As uncertainty shrouds our planet’s future. A resurgence of religious thought and action is underway. As part of our Voices for Nature series, JAKE LLOYD explores how three faith-based organisations are reimagining or rediscovering ways for earth’s four billion Jewish, Christian and Muslim people to repair their relationship with nature
In the Biblical account of creation, God makes the universe and everything in it with the joy and abandon of a child with a paint set. He separates light from dark. He flings stars into space. He gives form to plants and animals.
Finally, He makes humans. But unlike everything that comes before, humans are accorded the special – if ambiguous – status of being made in God’s image.
The story unfolds from here, and as it does we see human defiance and destruction place a growing distance between us and nature.
Adam and Eve are expelled from the Garden of Eden for doing the one thing they’re told not to. Cain murders his brother Abel, and flees further from the garden.
God vows to start afresh with a cataclysmic flood. But then even this, Noah’s descendent Abraham comes to the very brink of plunging a knife through the chest of his only offspring.
A human penchant for destruction continues.
Fast forward from this most anthropocentric of creation stories, to the dawn of the Anthropocene. Now, among the Jews, Christians and Muslims of the ‘Abrahamic faiths’, questions of man’s place in God’s creation gather a new urgency.
Perhaps it’s just as well then that these faiths specialise not only in stories of struggle and failure, but in ideas of hope and redemption too.
Below are three such ideas, that three environmental groups have put at the centre of their work, as they go about the task of repairing man’s relationship with nature.
Tikkun Olam – Judaism
Debate and argument are a central part of Jewish religious expression. They have even been called “a Jewish national sport”. And so the precise meaning of an expression as nebulous as Tikkun Olam – or ‘world repair’ – is up for grabs to whoever argues most convincingly.
In this spirit, throughout its history Tikkun Olam has been claimed as a guiding principle of social policy, an endorsement of volunteerism, a decree to oppose idolatry, and an invitation to participate in a mystical good-versus-evil battle.
More recently, however, the USA’s Coalition on the Environment and Jewish Life (COEJL) argues that it is a divine instruction to respond to climate change.
Rabbi Daniel Swartz from COEJL said: “Olam can mean eternity as well as world, so this is a reminder that we have to find solutions that are sustainable across generations, not just ones that work for the present at the expense of the future”.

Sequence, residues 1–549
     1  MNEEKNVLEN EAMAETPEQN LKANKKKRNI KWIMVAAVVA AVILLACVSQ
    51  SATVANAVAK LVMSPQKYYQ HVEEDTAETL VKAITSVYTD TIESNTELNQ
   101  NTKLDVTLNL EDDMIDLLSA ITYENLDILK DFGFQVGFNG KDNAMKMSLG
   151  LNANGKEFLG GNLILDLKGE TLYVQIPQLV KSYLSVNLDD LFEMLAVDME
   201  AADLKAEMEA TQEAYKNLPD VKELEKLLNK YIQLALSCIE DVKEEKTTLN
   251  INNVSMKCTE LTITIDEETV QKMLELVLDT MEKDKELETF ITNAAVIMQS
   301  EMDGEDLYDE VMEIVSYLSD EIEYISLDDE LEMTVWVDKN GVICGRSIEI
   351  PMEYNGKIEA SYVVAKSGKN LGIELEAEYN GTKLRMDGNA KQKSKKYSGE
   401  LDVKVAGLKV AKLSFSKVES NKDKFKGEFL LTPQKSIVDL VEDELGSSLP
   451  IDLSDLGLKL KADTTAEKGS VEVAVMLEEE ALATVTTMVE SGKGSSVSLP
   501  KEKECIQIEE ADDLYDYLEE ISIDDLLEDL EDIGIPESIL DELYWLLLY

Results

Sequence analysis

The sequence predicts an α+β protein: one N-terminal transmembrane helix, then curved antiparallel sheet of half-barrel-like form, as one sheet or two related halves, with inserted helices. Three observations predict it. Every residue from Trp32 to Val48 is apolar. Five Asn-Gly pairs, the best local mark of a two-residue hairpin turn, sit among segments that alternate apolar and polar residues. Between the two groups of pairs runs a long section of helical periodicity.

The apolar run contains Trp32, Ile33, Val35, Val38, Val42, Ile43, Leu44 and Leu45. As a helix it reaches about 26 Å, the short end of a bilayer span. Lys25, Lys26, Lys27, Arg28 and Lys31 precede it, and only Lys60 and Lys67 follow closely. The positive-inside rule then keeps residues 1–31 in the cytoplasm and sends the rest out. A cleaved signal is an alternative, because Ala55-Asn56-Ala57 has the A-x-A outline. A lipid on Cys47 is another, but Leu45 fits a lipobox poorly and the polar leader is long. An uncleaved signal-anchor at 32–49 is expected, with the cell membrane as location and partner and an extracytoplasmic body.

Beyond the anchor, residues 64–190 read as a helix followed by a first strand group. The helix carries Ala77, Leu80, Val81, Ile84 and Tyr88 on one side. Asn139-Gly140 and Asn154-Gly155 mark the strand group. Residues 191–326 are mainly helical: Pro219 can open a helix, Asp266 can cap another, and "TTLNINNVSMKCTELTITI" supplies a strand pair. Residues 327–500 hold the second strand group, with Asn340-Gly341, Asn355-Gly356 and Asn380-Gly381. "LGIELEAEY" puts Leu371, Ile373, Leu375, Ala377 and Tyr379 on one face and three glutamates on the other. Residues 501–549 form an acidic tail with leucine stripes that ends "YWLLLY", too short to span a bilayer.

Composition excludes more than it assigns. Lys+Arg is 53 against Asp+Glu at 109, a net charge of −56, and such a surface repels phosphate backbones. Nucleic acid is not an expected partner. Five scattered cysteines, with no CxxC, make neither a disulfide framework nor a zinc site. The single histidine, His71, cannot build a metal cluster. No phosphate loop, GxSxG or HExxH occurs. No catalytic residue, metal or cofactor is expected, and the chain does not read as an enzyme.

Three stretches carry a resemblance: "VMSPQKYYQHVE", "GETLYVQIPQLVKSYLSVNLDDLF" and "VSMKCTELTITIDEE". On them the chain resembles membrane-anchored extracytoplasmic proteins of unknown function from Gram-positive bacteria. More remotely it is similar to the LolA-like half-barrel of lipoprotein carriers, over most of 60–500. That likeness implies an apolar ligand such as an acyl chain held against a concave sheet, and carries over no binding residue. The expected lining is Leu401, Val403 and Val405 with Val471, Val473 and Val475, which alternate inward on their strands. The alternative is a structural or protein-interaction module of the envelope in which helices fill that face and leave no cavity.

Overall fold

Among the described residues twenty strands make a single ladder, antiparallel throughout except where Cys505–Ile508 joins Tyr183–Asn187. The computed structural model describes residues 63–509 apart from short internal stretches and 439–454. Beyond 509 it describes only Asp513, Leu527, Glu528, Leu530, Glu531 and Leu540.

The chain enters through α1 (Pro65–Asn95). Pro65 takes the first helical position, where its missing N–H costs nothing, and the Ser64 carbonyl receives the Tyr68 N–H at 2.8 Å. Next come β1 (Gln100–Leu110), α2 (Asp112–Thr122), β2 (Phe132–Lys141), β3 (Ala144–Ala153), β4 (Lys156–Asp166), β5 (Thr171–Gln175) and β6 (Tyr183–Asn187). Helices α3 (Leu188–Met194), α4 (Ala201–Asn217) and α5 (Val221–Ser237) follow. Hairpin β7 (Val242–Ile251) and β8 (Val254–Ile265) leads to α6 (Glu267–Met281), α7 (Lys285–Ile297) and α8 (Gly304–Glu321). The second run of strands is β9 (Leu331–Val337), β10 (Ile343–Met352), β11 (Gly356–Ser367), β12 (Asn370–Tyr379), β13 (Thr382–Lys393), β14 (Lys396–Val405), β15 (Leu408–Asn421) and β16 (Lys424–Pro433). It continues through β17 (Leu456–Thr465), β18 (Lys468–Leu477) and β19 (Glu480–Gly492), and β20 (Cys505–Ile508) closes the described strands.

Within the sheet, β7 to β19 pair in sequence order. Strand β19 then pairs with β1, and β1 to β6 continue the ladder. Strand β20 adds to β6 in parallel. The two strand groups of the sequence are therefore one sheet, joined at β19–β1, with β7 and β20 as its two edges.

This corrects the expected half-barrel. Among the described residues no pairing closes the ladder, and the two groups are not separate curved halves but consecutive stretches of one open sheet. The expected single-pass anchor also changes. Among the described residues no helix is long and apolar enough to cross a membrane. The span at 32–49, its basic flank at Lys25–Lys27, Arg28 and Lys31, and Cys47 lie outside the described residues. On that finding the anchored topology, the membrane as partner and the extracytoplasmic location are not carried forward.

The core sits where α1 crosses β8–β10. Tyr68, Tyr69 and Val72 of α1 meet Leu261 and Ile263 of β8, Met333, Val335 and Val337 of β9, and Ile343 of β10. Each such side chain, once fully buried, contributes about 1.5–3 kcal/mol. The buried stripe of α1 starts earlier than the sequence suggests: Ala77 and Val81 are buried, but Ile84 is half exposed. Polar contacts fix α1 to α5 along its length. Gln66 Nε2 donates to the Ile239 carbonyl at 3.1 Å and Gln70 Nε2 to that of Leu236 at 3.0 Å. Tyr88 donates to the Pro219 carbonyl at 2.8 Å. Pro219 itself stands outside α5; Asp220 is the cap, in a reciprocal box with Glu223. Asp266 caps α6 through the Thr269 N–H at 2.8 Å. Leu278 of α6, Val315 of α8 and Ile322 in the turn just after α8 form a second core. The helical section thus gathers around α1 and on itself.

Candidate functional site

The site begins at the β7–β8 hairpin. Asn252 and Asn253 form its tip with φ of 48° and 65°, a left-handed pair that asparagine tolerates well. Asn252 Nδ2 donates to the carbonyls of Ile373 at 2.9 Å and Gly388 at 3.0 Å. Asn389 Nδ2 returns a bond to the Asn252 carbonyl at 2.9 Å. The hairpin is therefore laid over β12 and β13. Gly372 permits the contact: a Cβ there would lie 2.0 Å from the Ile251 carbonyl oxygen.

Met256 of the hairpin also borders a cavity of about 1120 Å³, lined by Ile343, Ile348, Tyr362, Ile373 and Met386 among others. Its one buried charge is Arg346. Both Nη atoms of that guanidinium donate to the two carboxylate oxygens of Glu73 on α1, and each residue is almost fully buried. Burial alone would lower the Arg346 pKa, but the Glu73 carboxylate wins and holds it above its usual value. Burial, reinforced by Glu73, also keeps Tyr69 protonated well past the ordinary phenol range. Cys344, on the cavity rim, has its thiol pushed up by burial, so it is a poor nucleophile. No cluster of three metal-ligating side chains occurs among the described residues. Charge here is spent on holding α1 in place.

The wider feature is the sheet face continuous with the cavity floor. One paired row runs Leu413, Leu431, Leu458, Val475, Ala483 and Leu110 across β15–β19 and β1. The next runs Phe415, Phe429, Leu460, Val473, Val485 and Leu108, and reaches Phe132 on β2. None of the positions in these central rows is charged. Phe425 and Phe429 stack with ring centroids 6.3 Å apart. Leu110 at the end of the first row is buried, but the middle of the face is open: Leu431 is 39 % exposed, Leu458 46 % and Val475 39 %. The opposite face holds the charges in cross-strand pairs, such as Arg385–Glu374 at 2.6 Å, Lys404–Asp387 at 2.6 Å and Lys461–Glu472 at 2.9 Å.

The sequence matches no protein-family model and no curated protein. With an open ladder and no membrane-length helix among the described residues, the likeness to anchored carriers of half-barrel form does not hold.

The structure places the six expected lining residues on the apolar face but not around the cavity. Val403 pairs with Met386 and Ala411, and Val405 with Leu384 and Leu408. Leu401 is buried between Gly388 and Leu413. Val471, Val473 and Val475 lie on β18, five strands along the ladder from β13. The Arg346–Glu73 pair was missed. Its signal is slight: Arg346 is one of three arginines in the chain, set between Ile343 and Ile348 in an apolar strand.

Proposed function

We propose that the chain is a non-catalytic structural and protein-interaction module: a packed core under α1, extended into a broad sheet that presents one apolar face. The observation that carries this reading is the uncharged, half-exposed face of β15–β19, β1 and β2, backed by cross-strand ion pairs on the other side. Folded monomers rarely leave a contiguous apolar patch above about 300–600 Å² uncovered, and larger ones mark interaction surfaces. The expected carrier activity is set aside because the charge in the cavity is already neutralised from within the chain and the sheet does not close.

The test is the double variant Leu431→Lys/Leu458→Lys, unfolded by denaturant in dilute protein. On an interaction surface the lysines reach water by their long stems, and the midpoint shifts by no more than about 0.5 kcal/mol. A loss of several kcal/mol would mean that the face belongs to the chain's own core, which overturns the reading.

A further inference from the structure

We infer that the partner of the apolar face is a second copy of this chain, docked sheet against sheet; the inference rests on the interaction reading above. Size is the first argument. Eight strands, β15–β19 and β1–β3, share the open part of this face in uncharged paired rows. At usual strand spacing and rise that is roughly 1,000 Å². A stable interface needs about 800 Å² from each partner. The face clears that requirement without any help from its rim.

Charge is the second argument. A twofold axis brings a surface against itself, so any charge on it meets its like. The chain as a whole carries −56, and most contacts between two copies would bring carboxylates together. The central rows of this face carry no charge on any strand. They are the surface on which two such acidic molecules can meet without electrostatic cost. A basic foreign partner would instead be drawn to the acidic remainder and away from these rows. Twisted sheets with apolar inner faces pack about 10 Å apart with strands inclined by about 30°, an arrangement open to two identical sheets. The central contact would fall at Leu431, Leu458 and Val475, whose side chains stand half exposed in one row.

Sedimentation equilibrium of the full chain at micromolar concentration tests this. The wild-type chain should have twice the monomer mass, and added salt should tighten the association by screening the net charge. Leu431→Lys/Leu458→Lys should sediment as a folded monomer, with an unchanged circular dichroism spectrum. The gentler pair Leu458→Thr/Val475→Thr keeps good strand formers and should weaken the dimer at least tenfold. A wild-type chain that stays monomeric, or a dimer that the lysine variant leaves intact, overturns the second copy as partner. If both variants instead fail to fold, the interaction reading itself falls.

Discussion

With this in mind, COEJL and its member organisations work from the bottom up – reacquainting Jews with nature through outdoor education programmes around the world – whilst also targeting Jewish public policy, with its energy programmes attracting the endorsement of figures like Al Gore.
Gospel – Christianity
In the Middle Ages, the Catholic friar Francis of Assisi gained a reputation for talking to animals. In one story, he preached to birds when men would not listen. In another, he pleaded with a wolf to stop terrorising a neighbourhood. He also conversed with a squirrel about the sacraments.
Assisi saw nature as polluted by the sin of humanity, and so also in need of redemption. As patron saint of animals and ecology, he’s been a popular figure in the church ever since.
Nevertheless, the gospel is ordinarily marketed as ‘good news’ for people and their souls, rather than the planet and its future. But this might be changing.
“The gospel is about relationships”, Andy Atkins, the chief executive of A Rocha UK says. “With God, with others, with ourselves and with the environment that sustains us”. Former head of Friends of the Earth, Atkins describes A Rocha as “a home for Christians who make the connection between their faith and the environment, supporting them to influence others.”
Two years ago they launched an ‘Eco Church’ scheme to recognise churches that put the environment at the heart of their mission: from installing solar panels, to preaching on environmental stewardship, and involvement in local conservation.
There are now nearly 900 such churches in the UK, and A Rocha aims for 4,000 by 2025. Look carefully and you might spot one of their recycled wooden plaques adorning an Eco Church near you. They also have two nature reserves in the south of England.
Hima – Islam
Before the arrival of Islam in the seventh century AD, the harsh desert of the Arabian peninsula was home to nomadic tribes who frequently came into conflict. A Hima – meaning ‘protected area’ – became a place of respite for everyone.
Conflict was forbidden in these areas, and scarce natural resources were carefully and collectively managed for the good of all. With the arrival of Islam – which accorded a particular respect to animals – a Hima became a place of refuge for wildlife too. Some Himas were even designated as retirement homes for elderly camels.
And though the concept of a Hima was forgotten during the course of the twentieth century, it is now on its way back, thanks to the Society for the Protection of Nature in Lebanon (SPNL).
Assad Serhal founded SPNL in order to protect the many migrating birds that rest in his native Lebanon. But when he re-discovered Hima, he found a way to bring communities together from across the country’s ethnic and religious groups, to engage in responsible land management, and take pride in their region’s biodiversity.
He has since been invited to work with other countries to establish Himas across the Middle East and Mediterranean.
Jake Lloyd is a communications consultant, and communications coordinator at Arukah Network. He helped his local church to join the Eco Church scheme mentioned above, and participates in a community energy project.